Every 2-3 weeks
2500 - 10000 Lux
Every 2-3 years
Spring to summer
As needed
  • water dropWater

    The Caucasian Birch should be watered deeply and thoroughly to encourage root growth, providing it with around 1 to 1.5 inches of water weekly during dry periods without rainfall. Reduce watering in the fall to prepare it for winter dormancy. Young trees will require more consistent watering, about twice per week, to maintain moist soil as they establish. Mature Caucasian Birch trees, once established, typically require less frequent watering and can generally rely on natural rainfall unless there are periods of drought when supplemental watering may be necessary.

  • sunLight

    The Caucasian Birch thrives best in full sunlight to partial shade. It prefers a spot that receives at least four to six hours of direct sunlight daily. However, in hot climates, some afternoon shade can be beneficial to prevent scorching of the leaves.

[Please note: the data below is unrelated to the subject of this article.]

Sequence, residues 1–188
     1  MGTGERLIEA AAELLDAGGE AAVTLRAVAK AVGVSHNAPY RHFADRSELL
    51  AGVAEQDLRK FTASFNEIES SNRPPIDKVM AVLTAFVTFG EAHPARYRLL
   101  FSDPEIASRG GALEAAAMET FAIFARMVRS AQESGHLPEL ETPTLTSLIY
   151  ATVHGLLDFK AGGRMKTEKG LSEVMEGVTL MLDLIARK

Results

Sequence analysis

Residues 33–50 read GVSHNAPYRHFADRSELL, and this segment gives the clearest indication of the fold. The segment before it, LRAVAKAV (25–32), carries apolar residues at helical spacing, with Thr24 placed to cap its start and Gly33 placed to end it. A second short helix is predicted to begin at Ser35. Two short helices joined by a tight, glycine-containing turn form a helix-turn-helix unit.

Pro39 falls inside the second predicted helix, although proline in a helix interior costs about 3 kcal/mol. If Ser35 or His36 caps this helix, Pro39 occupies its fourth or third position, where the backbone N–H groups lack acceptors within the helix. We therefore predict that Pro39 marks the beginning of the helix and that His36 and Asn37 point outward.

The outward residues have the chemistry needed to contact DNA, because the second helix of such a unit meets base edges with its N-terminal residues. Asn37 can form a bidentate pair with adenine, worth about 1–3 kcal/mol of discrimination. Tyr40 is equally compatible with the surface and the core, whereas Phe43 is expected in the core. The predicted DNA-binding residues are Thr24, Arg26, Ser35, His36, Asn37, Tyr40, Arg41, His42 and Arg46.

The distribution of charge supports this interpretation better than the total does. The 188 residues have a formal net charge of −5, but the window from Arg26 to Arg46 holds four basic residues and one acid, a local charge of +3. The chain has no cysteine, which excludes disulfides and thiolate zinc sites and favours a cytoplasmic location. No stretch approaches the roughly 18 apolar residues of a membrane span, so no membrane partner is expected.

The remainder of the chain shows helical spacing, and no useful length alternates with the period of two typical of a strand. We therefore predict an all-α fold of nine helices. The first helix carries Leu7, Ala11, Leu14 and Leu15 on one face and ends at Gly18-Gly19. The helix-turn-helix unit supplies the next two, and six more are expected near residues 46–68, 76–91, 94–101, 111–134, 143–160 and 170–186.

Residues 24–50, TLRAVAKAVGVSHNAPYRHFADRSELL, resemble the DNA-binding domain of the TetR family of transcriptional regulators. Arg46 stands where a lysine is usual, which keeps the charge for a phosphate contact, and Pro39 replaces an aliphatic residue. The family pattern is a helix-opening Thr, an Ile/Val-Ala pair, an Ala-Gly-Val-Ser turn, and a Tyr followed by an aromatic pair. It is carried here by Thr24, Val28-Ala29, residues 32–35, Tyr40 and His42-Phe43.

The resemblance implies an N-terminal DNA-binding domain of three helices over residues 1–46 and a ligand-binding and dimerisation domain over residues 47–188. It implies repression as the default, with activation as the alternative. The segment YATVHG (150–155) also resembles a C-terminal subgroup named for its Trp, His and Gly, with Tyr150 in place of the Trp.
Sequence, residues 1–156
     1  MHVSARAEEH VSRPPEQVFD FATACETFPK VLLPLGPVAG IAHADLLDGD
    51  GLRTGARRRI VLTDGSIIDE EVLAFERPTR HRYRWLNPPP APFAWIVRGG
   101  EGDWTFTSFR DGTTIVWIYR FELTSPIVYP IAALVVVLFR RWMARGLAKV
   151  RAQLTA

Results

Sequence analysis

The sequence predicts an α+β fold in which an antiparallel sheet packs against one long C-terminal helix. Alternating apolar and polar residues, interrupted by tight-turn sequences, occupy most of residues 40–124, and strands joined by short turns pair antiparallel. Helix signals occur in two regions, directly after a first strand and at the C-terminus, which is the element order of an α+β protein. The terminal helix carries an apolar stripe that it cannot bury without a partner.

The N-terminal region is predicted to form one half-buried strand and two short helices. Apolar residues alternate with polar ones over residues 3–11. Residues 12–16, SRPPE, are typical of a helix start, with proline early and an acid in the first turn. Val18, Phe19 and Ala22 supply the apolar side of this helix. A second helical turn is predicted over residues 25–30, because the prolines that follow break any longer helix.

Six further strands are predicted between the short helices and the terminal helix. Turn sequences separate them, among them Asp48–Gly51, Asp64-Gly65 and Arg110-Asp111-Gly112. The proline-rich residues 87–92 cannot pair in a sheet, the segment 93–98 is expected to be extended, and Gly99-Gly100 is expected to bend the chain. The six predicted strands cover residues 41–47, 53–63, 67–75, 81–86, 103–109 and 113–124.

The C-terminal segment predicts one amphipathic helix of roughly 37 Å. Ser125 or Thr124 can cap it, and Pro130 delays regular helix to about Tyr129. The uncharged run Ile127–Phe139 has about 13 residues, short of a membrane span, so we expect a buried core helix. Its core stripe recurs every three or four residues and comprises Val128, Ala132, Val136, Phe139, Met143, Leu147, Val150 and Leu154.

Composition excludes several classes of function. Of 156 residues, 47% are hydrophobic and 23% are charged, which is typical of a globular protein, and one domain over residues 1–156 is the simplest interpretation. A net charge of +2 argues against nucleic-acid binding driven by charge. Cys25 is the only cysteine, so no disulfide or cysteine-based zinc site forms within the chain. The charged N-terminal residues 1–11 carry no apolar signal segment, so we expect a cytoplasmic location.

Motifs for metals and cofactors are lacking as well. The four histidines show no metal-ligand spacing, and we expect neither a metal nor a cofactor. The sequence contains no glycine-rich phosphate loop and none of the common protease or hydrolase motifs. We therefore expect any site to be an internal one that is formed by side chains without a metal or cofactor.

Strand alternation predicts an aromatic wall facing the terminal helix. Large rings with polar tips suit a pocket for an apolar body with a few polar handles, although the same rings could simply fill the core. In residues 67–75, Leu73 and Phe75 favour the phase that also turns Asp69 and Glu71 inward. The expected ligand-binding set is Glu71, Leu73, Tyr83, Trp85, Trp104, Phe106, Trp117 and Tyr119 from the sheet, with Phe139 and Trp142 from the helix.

• thermometerTemperature

    The Caucasian Birch is hardy and can survive in temperatures as low as -30 degrees Fahrenheit and as high as 75 degrees Fahrenheit, although it prefers cooler climates. The ideal temperature range for this plant is between 50 and 70 degrees Fahrenheit, making it well-suited for temperate regions.

  • scissorsPruning

    Pruning the Caucasian Birch is important for maintaining its shape, encouraging healthy growth, and removing any damaged or diseased branches. The best time to prune is late fall to early spring when the tree is dormant, and sap flow is minimal. Pruning should be done annually to remove any crossing branches or unwanted shoots at the base of the tree.

  • broomCleaning

    As needed

  • bambooSoil

    For Caucasian birch, a well-draining soil mix is ideal, composed of loamy soil mixed with sand and peat to retain some moisture yet prevent waterlogging. The desired soil pH for Betula medwediewii should be slightly acidic to neutral, ranging from 5.5 to 7.0.

  • plantRepotting

    Caucasian birch trees being relatively low-maintenance don't require frequent repotting. They should be repotted every 3-5 years, or when they outgrow their current container, ensuring minimal root disturbance during the process.

  • water dropsHumidity & Misting